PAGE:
View Full Version : Airplane travel and eating in France!
11-11-2005, 10:14 PM
I'm leaving soon to go to france for two weeks.. I'm curious what might be great snacks to take on the plane with me that would be filling and take up little space in my bag. I'm thinking maybe a green smoothie in a bottle I could throw away, maybe some dehydrated snacks (no idea which ones..?).. a lara bar, lots of water..
Also I have lived in france before and it is very unfriendly to anything vegetarian or raw. I was thinking I would take vitamineral green and drink it in a thermos so I would still have my greens, take a whole heck of a lot of lara bars, buy fruit from the health food stores, and eat salads if i go out.
any travel tips, flying advice, food recipes, ANYTHING, would be very appreciated. Thank you :)
11-12-2005, 12:24 AM
I have no idea how long the flight is, but I would take some almonds, raisins, the aforementioned Lara bar, seeds and water. If you're allowed to bring fresh fruit on the plane I would take that as well, along with baby carrots and celery.
I can't imagine (even in France :rolleyes: ) that there wouldn't be markets that sold fresh veggies and fruit? I know their cuisine is sauce heavy and rich, but surely they use veggies as well as fruit? The restaurants must get their produce from somewhere.
I don't expect you'll find much in the way of raw restaurants, but I'm sure you'll be able to eat your fill in fresh produce. :)
11-12-2005, 12:29 AM
Drink lots of fresh water, and make some dehydrated crackers to take with you.
get plenty of rest even on the plane, and have fun.
11-12-2005, 01:32 AM
raw food travel in Paris
11-12-2005, 02:28 AM
because I live in England its just a hope skip and jump across to Paris and its one of my favourite places so we go there often, although France does specialize in rich food they all so have the best fresh food Ive ever seen in my life, they live differently than we do because they like to by locally and often, some times they go each day to buy their fresh produce ,
the Parisians like to shop locally from little markets full of fresh fruit and vegetables, they are very particular about the quality of their produce and it has to be fresh so these little markets are everywhere, and you can know for sure that most of what they sell wont have traveled half way around the world but grown lovingly with great care not far away,
I cant speak about long haul plane flights as Ive not done one since I became raw, but I can say that you will never be short of raw beautiful food in France/Paris.(your best bet is to ask the locals when and where their local market it)
11-12-2005, 06:53 AM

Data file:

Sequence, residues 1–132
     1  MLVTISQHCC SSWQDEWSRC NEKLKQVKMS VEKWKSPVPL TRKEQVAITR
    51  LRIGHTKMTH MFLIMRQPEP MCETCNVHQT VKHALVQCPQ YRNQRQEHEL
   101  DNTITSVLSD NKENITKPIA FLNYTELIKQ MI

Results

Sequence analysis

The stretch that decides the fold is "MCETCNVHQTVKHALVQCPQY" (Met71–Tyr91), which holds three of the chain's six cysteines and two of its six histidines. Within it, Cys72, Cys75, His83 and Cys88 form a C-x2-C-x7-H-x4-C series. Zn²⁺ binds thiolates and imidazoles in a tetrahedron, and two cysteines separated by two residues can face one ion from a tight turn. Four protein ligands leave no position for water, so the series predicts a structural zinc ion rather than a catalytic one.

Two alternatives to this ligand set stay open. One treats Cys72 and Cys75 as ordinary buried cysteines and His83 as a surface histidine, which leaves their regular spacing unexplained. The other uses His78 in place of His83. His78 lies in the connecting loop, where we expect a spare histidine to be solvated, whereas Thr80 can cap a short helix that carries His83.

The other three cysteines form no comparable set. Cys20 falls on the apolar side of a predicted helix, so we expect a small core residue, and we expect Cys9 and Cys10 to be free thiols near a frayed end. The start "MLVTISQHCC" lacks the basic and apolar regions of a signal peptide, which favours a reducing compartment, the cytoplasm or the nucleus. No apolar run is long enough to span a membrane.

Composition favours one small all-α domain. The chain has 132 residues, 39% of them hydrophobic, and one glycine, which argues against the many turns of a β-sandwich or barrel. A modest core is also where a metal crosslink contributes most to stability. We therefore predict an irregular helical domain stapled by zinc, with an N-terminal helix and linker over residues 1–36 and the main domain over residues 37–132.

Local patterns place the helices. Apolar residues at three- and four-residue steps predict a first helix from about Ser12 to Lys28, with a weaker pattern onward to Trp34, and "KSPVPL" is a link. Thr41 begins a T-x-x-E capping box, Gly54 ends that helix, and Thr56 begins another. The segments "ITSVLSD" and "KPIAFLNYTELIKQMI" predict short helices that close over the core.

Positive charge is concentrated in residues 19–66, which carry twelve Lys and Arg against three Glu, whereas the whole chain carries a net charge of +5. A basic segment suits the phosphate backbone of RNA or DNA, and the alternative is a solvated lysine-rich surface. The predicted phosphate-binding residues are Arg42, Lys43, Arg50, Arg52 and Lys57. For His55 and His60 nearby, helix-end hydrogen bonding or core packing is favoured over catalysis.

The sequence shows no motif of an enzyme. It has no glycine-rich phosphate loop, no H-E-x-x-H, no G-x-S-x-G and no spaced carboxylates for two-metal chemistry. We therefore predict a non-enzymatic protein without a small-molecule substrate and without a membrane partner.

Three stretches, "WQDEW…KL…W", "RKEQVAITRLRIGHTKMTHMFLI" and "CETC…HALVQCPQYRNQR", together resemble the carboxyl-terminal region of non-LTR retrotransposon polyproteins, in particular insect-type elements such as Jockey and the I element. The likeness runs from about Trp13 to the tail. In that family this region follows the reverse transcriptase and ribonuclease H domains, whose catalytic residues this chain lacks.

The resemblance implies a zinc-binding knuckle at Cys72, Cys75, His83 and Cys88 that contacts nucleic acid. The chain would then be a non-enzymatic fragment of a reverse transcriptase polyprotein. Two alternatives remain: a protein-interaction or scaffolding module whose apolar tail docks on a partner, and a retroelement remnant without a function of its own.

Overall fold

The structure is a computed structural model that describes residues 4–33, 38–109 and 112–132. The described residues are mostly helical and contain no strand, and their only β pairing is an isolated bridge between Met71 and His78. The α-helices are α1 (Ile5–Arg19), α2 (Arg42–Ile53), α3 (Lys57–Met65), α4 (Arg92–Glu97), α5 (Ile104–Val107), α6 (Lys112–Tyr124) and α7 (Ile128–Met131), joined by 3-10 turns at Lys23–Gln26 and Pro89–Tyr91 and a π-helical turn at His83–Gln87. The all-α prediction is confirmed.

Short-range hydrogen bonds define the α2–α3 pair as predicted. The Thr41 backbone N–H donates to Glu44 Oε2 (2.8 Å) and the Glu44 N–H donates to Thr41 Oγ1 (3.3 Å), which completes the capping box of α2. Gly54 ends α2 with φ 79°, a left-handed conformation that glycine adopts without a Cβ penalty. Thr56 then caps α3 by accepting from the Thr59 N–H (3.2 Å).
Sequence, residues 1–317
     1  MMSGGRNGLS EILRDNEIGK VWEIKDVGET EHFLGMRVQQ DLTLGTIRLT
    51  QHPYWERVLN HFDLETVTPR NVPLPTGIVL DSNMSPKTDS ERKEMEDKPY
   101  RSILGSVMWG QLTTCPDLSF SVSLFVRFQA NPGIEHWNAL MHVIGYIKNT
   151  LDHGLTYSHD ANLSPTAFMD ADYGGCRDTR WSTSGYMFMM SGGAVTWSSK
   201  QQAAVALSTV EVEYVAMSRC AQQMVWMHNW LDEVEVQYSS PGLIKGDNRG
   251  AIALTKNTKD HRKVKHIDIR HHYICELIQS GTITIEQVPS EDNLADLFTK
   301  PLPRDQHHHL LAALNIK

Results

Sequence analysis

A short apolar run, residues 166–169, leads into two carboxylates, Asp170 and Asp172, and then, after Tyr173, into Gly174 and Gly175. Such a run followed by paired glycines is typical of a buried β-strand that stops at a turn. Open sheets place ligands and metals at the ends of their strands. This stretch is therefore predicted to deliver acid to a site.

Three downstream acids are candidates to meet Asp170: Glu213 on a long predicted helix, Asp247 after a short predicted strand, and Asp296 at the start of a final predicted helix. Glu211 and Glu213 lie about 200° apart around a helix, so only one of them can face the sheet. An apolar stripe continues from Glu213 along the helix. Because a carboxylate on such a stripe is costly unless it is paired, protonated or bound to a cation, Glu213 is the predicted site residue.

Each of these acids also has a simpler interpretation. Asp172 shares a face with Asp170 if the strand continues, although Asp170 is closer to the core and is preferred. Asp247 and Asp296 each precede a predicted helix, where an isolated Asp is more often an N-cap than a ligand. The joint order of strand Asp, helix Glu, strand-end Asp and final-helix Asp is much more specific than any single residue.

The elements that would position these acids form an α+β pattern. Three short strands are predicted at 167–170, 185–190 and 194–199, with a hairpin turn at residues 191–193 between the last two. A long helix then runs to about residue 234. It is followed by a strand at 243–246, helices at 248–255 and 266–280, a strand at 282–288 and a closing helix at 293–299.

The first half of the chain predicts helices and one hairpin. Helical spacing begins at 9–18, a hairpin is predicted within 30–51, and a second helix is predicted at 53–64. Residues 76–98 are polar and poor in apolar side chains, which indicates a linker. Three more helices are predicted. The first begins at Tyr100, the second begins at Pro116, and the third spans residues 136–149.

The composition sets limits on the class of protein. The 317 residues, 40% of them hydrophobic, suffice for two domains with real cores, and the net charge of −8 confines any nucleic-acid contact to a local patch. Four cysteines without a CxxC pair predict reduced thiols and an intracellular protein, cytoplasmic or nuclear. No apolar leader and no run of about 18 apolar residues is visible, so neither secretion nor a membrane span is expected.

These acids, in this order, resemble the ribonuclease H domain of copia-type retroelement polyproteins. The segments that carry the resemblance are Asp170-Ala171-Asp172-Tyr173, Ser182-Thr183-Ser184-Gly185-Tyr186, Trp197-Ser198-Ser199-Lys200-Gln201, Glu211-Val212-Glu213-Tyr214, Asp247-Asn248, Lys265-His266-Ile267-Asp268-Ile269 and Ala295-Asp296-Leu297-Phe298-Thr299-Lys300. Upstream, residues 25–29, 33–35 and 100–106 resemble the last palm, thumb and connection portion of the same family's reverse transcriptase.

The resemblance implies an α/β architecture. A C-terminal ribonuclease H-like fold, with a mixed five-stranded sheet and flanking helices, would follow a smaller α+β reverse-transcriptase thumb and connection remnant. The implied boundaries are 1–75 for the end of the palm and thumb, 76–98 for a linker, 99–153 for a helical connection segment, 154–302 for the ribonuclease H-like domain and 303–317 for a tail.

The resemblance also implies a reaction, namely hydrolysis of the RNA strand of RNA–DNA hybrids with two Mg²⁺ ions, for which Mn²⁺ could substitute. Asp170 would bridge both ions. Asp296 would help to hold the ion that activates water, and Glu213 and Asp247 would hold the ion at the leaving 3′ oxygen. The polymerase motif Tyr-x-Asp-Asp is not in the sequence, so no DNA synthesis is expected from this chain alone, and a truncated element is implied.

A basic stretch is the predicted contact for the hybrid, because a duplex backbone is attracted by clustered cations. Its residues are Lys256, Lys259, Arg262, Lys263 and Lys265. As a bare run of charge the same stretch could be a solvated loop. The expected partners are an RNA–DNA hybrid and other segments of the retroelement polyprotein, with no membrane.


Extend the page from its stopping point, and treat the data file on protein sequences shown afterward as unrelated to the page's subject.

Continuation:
ALong the same lines as cactus, I have friends who have just raved about the quality of the fresh produce at the small markets in France.
If you see a TCBY in an airport (there are lots here) you can ask them to make you a fruit smoothie with water instead of juice as the base. I do this in airports and love it! Anywhere that makes a smoothie with fruit in it can do this, though it takes a little explanation on the using water instead of juice thing. Well worth it though.
Most important of all, have a fabulous, memory making journey!
I'm going to Paris/Normandy for my honeymoon. I already know I'm taking green powder and goji berry snacks,etc. There are farmer markets there and that's why I'm making my fiance get a loft so I can juice there too :p
11-12-2005, 10:30 AM
Congratulations on going to Paris for your Honeymoon. Paris is one of my favorite places to go. I was only high raw when I went there last Thanksgiving but found fruit and veggies. I found that I had to be very clear when ordering a salad because they tend to put things like potatoes smoothered in mayo on a plain salad. Ask for dressing or lemon on the side so you can see what you're getting into.
As far as plane rides. This summer I went to China (12 hour plane) and took a big salad from Whole Foods, a Larabar, a few nuts and some fruit with me. For meals I order ahead and get the fruit plate. It generally comes with yogurt but someone next to me is always happy to eat it.
I have a 12 hour flight to Korea in December and a 15 hour flight home from Japan. I'm going to take salad, fruit, some nuts for the plane. I'll order a fruit plate so I don't feel deprived when I see other people getting served meals.
I'm planning to take some flax crackers, sealed bags of nuts and dried fruits along as snacks for my 2 week trip. I'm going to do a lot of snow hiking and lots of walking to explore all the Buddhist Temples in both countries so I'll need raw snacks to keep my energy up. I'm hoping to continue drinking my lemon/agave water for breakfast everyday so I'll take a sealed bottle of agave nectar along too. When I went to China I knew I'd be walking for hours everyday, as well as hiking on the great wall, so I took nuts and dried fruits and they came in very handy.
Have a great trip and make sure to tell us all about it when you get back! And best wishes for a lot of joy and laughter in your marriage.
11-12-2005, 01:28 PM
I've been to France many times, pretty much any European country has awesome produce, at small stores as well as markets.
Just remember if you're taking dehydrated snacks on the plane to also drink a lot of water. Most people get generally dehydrated while flying, so you want to compensate.
That's a great link NoGMO, with raw-friendly places. Conventional French restaurants will be difficult IMO... to most French, dinner is supposed to go a certain way, it is actually often considered rude if you do not order an appetizer as well as your dinner, a cocktail before, etc... Maybe if you want to go out to socialize you're better for drinks, or even lunch versus dinner.